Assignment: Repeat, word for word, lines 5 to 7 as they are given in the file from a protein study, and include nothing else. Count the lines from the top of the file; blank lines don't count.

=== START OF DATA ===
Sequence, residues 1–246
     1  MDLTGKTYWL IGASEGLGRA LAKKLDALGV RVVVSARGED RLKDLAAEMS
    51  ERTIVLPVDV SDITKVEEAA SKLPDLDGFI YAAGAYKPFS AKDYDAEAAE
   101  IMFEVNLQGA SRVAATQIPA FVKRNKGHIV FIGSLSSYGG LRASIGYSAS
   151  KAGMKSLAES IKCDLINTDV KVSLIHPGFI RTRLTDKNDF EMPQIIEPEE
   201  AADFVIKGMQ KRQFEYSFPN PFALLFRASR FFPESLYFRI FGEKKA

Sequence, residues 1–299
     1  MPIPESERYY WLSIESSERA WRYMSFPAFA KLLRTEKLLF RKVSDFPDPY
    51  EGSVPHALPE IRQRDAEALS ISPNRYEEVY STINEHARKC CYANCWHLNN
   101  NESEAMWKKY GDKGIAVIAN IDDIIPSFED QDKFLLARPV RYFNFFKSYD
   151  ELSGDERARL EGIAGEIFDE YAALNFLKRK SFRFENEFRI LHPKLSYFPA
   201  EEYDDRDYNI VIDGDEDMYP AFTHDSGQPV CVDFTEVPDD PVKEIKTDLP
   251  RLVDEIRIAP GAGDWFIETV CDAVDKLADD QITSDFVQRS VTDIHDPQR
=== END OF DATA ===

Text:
   151  KAGMKSLAES IKCDLINTDV KVSLIHPGFI RTRLTDKNDF EMPQIIEPEE
   201  AADFVIKGMQ KRQFEYSFPN PFALLFRASR FFPESLYFRI FGEKKA

Sequence, residues 1–299